CARACAS (Reuters) - Building luxury apartments or corporate office towers might seem like an odd investment in an economy reeling from a deep recession, triple-digit inflation and chronic product shortages.
Unless it’s Venezuela.
The combination of soaring prices and exchange controls that prevent businesses from buying dollars has made high-end real estate an attractive way for companies to protect the value of revenue earned in the increasingly worthless bolivar currency.
Cranes clutter the skyline of the Caracas municipality of Chacao, home to the capital’s financial district and most of its embassies, despite a backdrop of huge supermarket lines that have become a symbol of the country’s economic decay.
Las Mercedes, a neighborhood developed in the 1950s as an exclusive residential zone that is now filled with garish restaurants and bars, is also awash in real estate development.
“These projects all start from the same premise - ‘let’s absorb bolivars,'” said Beatriz Yilo of CBRE Venezuela, an affiliate of real estate services firm CBRE Group Inc (CBG.N).
“When you have a system that penalizes foreign exchange operations, and you don’t want to commit a crime - what else do you have left?”
Total square footage of premium office space in Chacao and Las Mercedes is set to jump by nearly 50 percent by the end of next year, according to figures compiled by CBRE, while the cost in local currency of renting or buying such space has soared by nearly a factor of 15 in the last two years.
That roughly tracks the returns that would have been provided by buying dollars on the black market during the same period - with the added benefit that developers will have valuable assets on the ground if the economy recovers.
The government of President Nicolas Maduro sells dollars at 10 bolivars each for priority goods such as food and medicine and at around 660 bolivars for less important items. But greenbacks fetch nearly 1,100 bolivars on the black market, where the Venezuelan currency has lost 91 percent of its value in the last two years.
Municipal officials say multinational companies with operations in Venezuela, which routinely take write-offs on earnings statements due to depreciation of their bolivar holdings, are key investors in premium office space.
The officials declined to identify specific companies, but said they range from a well-known financial services company to popular consumer products groups.
Foreign companies contacted by Reuters about real estate investments in Venezuela declined to comment.
Many of the projects were drawn up in 2010, when the government toughened exchange controls by outlawing a widely-used parallel currency market, leaving bolivars trapped in local bank accounts.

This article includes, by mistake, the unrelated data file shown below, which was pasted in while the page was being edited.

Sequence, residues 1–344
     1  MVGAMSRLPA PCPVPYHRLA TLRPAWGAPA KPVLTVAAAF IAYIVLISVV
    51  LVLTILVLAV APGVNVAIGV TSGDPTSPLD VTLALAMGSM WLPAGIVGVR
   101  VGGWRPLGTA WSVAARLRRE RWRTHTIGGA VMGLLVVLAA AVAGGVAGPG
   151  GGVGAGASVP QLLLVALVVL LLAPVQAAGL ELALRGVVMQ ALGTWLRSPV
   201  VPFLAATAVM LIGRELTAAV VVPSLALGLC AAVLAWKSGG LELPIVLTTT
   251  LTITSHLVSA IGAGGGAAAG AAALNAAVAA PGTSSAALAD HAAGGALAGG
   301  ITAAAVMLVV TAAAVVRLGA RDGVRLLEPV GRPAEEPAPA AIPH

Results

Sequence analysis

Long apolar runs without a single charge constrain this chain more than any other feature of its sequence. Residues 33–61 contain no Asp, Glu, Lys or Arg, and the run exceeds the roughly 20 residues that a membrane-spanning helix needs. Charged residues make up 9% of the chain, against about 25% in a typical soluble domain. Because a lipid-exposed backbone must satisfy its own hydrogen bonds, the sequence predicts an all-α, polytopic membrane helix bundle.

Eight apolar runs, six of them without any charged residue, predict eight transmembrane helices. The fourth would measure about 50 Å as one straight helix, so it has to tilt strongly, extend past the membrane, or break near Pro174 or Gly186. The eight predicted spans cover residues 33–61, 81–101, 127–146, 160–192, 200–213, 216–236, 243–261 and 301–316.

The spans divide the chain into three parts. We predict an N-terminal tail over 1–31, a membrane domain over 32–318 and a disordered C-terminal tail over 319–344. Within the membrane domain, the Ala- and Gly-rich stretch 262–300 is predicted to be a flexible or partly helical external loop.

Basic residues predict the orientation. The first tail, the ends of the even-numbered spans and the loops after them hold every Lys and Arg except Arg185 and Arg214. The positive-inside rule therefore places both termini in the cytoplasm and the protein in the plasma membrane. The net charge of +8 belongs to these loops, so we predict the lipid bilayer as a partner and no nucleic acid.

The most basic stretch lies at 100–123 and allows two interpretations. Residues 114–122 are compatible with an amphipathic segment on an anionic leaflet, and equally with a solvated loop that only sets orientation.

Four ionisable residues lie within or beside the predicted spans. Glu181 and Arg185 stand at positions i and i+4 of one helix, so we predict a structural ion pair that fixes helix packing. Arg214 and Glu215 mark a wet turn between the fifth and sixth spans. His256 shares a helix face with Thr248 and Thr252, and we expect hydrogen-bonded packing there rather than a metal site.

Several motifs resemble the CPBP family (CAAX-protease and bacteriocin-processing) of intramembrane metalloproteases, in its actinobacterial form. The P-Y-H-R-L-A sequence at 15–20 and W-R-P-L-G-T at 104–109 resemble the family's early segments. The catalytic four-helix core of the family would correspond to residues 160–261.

The luxury real estate development contrasts with the tough day-to-day realities of Venezuelans who spend hours in lines seeking staple goods ranging from rice to medicine.
“This is routine, it’s like this every day,” said Carlos Martinez, 40, a bank employee standing in a line stretching through the flashy La Castellana neighborhood, a few blocks from where a new mall with office space and luxury apartments is set to open.
“This is a wealthy area with all these luxury buildings and look at the line I‘m stuck in.”
The overall construction industry, like the rest of the economy, is in crisis. Building middle-income homes is rarely feasible because so little financing is available for construction or for purchase, and middle-class spending power has been battered by inflation.
Production of cement and steel have plummeted since late socialist leader Hugo Chavez put those industries under state control, meaning developers now have to buy such materials on the black market at increasingly high prices.
Real estate experts say that the high-end construction frenzy may have peaked last year as rising prices mean that new square footage is no longer necessarily a bargain.
But municipal authorities overseeing both Chacao and Las Mercedes their say phones continue ringing off the hook with requests for information about construction permits.
“These are people who have a long-term vision, who want to invest because they see the country is going to change,” said Chacao Mayor Ramon Muchacho. “But this is also a financial issue: the only shortage we don’t have in Venezuela is a shortage of bolivars.”
Reporting by Brian Ellsworth; Editing by Kieran Murray